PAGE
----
I read several business-related emails each day, but one of the most useful is Seth Godin’s daily dose of common sense.
I was particularly struck by the email he sent out recently. You can see all of it here, but I’m going to highlight a few portions that struck me for a few reasons.
He’s talking in this email about building a business that truly rests on the superpower of Customer Service.
Which, ugh. “Customer service” is suuuuuch an overused concept. So overused that, at this point, I think it’s almost meaningless. Every company says that’s one of their superpowers, right?
But there are companies that don’t just say they prize great service—they build their company around it.
“Some organizations end up ingraining this ethos deeply into what they do, and stick with it for the long haul. They have a hospitality mindset. Service isn’t simply the tool to make profits–it’s a key part of why you’re here in the first place.”
Re-read that last line: “Service isn’t simply the tool to make profits–it’s a key part of why you’re here in the first place.”
That line had me thinking. About Here Comes The Guide and our commitment to heart-forward, relationship-first service to our venue clients. My main job at Here Comes The Guide is making sure we differentiate ourselves from our behemoth competitor by actively showing our venue clients we authentically care about them and their business. And we live that every day in our actions, not just our words.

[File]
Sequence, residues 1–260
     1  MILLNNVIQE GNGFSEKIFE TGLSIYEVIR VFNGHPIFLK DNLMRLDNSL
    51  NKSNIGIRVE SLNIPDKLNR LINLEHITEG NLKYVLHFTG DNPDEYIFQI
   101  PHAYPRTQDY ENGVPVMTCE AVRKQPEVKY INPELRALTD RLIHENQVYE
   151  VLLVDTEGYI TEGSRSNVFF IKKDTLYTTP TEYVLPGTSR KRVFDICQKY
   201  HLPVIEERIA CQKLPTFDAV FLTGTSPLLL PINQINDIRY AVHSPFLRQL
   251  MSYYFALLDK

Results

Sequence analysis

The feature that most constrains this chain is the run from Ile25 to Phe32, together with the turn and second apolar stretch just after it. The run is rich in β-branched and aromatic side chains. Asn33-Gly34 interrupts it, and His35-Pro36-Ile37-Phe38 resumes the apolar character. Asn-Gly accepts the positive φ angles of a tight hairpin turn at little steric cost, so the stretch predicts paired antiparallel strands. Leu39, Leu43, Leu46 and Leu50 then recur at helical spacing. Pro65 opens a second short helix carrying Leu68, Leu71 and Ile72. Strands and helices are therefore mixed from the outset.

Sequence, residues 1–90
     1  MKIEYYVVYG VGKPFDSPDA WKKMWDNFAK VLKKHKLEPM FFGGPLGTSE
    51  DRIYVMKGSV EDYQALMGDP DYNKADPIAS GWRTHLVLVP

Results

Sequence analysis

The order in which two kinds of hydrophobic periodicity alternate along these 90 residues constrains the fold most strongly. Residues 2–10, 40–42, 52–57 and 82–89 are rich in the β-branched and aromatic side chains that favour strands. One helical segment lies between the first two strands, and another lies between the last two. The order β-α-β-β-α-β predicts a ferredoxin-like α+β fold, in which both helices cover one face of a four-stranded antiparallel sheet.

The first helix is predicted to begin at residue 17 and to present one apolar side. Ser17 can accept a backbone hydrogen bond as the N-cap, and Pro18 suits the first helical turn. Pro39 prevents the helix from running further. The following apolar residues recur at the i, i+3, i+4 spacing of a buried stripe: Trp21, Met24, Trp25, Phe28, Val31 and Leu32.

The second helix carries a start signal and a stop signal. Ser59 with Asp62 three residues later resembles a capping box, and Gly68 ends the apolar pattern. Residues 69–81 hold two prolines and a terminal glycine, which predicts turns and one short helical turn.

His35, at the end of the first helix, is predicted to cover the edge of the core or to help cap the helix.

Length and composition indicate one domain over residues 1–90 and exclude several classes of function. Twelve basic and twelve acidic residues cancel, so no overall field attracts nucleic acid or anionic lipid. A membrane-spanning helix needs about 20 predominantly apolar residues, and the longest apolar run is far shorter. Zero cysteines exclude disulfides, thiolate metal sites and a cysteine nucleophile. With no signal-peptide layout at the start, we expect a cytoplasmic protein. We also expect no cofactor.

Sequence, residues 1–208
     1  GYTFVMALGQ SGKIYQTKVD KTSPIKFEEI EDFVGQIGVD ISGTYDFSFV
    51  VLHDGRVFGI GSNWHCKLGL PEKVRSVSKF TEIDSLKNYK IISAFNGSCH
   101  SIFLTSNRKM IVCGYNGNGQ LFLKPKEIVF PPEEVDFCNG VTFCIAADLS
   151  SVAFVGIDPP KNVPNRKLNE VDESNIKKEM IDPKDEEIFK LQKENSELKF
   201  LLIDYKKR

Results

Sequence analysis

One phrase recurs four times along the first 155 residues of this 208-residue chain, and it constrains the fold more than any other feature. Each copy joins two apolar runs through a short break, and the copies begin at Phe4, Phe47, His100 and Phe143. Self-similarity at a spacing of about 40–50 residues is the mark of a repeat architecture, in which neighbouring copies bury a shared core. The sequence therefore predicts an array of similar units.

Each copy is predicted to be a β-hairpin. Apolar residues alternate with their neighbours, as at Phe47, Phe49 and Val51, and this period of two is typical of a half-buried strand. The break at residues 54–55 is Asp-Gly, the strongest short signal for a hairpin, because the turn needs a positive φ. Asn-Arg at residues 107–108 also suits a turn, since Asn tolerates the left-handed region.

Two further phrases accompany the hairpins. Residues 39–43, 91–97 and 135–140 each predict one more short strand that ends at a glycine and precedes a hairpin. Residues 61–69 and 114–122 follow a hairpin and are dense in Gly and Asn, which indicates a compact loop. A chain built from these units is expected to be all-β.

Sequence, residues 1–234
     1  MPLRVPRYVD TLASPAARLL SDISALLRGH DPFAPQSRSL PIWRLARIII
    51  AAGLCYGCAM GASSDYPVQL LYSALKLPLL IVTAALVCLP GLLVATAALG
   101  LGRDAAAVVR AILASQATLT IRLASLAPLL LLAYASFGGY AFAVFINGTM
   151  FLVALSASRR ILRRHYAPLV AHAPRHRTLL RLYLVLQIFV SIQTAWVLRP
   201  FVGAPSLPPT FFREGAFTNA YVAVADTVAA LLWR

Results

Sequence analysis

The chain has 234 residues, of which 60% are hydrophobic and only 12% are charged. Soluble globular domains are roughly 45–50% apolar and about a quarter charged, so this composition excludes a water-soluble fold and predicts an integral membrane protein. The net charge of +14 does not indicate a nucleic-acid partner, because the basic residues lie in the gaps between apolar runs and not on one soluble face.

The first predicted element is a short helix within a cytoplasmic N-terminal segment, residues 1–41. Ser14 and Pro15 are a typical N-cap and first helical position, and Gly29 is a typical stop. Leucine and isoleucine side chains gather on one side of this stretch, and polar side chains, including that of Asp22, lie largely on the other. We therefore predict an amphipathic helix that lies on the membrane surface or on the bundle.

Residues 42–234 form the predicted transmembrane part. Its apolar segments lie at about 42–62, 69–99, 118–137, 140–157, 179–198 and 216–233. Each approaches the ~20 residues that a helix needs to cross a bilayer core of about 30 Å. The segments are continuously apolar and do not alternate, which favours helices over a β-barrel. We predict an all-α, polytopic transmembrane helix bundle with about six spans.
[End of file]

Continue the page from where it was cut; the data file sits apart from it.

But also, to the fact that every one of our venue clients has hospitality at its core. It’s literally the reason most of our venues exist.
And yet I think we can easily lose focus on prioritizing great service and engaging in relationship-building; instead chasing bigger margins and faster, more efficient client interactions.
We can streamline more tasks on fewer employees to cut overhead and spend time onboarding large sales management systems, but not train new hires on how to make a true connection on a site visit.
And yet we see, from our catbird seat watching the businesses of over 6,500 venues, that the ones that keep the focus always on what’s best for their wedding couple are the ones with the highest word of mouth bookings and the fullest calendars.
So today, let’s keep it simple. I want you to ask yourself just one question.
TO DO FOR YOU:
Think about the last 3 decisions you (or your superiors) made for your wedding business. How many of them were to increase the level of heart-forward, client-focused service you’re providing?
If the answer is less than 3, it’s time to put that old cliché of Customer Service back in the forefront.